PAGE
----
Experimental Design and Chemometrics for Chemists

Event Date

Silverado Vineyards Sensory Theater, Robert Mondavi Institute, UC Davis

This workshop will discuss the basics of experimental design and multivariate statistics for analysis of food and beverage samples. The focus will be on fundamentals of sound experimental design for collecting data from multiple analytical platforms (GC, LC, MS, ICP, etc.) with large numbers of samples and analysis by multivariate statistical approaches. This 1.5-day workshop will also provide opportunities to discuss real world data sets featuring tips on pitfalls and limitations of common statistical approaches and how to choose appropriate sampling techniques and statistical tools to meet project objectives. Emphasis will be on use of Agilent’s Mass Profiler Professional Statistical analysis package, although other statistical packages may also be discussed. Example data sets will be chosen for discussion and evaluation throughout the workshop.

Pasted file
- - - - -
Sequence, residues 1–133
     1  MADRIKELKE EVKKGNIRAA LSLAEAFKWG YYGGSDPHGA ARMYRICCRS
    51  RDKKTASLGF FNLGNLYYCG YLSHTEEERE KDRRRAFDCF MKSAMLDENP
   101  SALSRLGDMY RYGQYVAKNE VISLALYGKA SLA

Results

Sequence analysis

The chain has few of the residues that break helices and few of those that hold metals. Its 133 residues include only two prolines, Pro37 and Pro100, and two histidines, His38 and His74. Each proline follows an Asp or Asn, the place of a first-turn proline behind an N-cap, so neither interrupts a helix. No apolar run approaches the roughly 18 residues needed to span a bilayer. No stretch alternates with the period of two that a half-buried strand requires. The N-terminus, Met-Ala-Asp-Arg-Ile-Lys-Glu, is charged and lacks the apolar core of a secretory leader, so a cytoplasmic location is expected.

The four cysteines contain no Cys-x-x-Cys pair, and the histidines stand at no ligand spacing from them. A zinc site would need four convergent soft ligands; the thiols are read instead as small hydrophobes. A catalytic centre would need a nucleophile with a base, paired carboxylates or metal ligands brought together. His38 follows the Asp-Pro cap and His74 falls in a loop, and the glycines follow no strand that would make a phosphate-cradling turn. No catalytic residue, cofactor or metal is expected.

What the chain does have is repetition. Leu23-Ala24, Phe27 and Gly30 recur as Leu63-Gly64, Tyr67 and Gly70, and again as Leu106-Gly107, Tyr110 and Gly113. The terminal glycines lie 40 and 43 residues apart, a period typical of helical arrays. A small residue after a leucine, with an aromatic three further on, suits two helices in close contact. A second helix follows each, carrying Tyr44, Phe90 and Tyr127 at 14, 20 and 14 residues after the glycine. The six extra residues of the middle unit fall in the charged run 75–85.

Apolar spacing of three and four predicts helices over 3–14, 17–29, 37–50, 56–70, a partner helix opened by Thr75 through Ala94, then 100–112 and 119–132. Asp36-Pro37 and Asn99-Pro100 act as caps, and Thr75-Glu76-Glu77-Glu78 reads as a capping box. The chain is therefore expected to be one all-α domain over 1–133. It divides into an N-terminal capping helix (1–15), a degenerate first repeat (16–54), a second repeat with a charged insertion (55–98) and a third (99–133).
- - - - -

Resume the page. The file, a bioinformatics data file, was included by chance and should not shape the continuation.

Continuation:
Specific Topics:

  1. Experimental Design Overview—Discussion of experimental design of complex data sets and emphasizing issues associated with numbers of samples required, number of analytical variables measured, and differences between biological and analytical replications.
  2. Introduction to One-way Analysis of Variance (ANOVA)—Use of one-way ANOVA to identify statistically significant attributes/variables that can be further analyzed using multivariate statistics, like PCA
  3. Introduction to Principal Component Analysis (PCA)—Applications of PCA and exploratory analysis tools to understand relationships among samples and a discussion of limitations of PCA analysis
  4. Introduction to Partial Least Squares (PLS) Analysis—Statistical tools for predictive modeling of multifactorial data sets
  5. Statistical Sampling Approaches—Sound sampling protocols to ensure representative samples as well as an overview of basic sample preparation techniques.
  6. Real World Examples—Throughout the workshop real world data sets will be used to highlight specific points, showing strengths and limitations of the various statistical approaches and highlighting common pitfalls in the application and interpretation of statistical outputs.

Event Category